18. Excellent method for generating dozens of post ideas within few minutes if we ever get stuck. I think I will try this as soon as possible for my blog.

  19. Thank you for introducing this to me. I often have a hard time coming up with new ideas, and didn’t realize how much easier it is to revisit old ideas. Going through my older posts on all of my blogs has led to a bunch of new ideas.

    Rather than use a piece of paper, I just opened a Word file and listed my most recent, and my most popular posts. Then under each title, I listed my new ideas. The beauty of doing it on the computer, is I can keep these files on my desktop, and add to them with each new post, keeping a solid supply of ideas right in front of me.

    Great post, great method.

  20. Delicious post! I’ll have to look into creating a mindmap and writing a post on mind mapping. Great way to work out the brain the come up with new ideas for blog posts.

  21. This concept is great. It’s very simple way to generate idea, but if you a just starting fresh without any posts to begin with, then you don’t really have a starting point. Any other ideas for someone without a starting point .. . Maybe I just gave you a great idea for your next post.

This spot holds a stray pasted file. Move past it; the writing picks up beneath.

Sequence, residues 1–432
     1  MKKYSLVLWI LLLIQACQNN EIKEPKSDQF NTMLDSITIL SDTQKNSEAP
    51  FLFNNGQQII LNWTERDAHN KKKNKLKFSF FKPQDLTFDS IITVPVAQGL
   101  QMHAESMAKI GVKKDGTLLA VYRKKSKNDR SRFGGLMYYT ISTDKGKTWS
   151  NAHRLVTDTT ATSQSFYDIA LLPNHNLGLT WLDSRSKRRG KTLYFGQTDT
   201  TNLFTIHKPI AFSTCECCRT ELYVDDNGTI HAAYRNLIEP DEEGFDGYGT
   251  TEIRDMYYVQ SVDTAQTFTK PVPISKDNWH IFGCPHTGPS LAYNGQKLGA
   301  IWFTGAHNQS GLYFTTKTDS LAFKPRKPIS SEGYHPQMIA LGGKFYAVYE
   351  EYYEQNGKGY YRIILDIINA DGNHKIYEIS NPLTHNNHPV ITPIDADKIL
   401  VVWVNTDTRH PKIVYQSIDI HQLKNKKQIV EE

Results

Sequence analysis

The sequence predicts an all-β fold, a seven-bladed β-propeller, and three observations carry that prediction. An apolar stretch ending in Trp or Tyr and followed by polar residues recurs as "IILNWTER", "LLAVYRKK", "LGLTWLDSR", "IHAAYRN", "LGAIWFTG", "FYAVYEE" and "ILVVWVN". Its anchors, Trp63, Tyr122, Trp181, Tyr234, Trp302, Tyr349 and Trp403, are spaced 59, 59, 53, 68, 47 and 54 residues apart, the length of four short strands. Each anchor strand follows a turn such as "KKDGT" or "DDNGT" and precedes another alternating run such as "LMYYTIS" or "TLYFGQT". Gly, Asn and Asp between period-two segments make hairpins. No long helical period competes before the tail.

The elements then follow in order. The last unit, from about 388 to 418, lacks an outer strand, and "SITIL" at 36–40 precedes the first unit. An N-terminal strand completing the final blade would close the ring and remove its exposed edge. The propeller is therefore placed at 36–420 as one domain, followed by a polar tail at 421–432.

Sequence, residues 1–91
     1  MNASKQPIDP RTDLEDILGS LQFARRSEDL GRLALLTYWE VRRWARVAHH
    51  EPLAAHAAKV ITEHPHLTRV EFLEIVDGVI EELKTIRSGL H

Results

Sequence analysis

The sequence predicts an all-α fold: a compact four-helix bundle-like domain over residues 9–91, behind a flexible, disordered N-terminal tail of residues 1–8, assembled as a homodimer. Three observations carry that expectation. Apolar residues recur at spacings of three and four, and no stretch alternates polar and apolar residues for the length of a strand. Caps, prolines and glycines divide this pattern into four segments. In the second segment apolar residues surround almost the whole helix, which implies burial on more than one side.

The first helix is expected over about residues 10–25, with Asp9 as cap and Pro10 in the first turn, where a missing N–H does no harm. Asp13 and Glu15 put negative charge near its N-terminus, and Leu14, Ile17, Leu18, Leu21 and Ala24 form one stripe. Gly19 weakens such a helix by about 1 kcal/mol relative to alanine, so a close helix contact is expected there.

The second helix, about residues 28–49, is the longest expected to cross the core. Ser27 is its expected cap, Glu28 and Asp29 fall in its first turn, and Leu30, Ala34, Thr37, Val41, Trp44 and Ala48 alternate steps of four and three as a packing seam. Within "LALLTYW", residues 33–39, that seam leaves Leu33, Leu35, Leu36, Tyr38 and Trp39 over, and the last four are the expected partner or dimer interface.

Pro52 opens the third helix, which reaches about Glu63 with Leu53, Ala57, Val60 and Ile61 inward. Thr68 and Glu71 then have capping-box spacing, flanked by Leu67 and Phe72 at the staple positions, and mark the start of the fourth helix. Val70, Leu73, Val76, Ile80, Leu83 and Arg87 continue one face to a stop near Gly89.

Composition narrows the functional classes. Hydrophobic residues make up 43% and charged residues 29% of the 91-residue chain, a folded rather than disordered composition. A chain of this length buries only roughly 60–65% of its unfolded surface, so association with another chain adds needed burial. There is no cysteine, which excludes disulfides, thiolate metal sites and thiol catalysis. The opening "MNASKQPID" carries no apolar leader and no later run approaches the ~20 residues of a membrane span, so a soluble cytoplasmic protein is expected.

22. The circles with last to 5th last post are as simple and insightful as the Seinfeld calender. Love it.

  23. This is a great idea, I did it for both my blogs, and came up with a bunch of topics. I am so glad to have read this post!! Thank you for the great and helpful infomation!

  24. Perhaps this question was asked and/or answered in one of the above 47 responses – if so, I’m sorry for being repetitive. I was wondering how one should space the follow up posts? I notice that this post follows immediately on the heels of yesterday’s post. How long can you keep that going for?

    If I come up with 20 ideas then I could theoretically have the next 20 days of posts covered, but I would then alienate that segment of my readership who is not into that topic. In short – do you have any suggestions (or a method) for determining how to space out these ideas.

  25. By the way – semi related to my previous comment – I think the idea of using this method to come up with weekly columns is great. That way you are set for a while with a relevant and useful topic.

    Along the same lines, it may be helpful to note which posts get the most comments and to apply this method to those posts first. Those posts most likely struck a chord with your readers and there is no reason you shouldn’t try to strike that chord again.

  26. Reign says: 03/20/2008 at 7:15 pm

    This is very useful to me and I thank you for posting this one. I’ve been having problems writing but I believe this will help a lot. Next I’d like to read something more on the topic of giving my articles “a title that stands out”. Have any idea on that?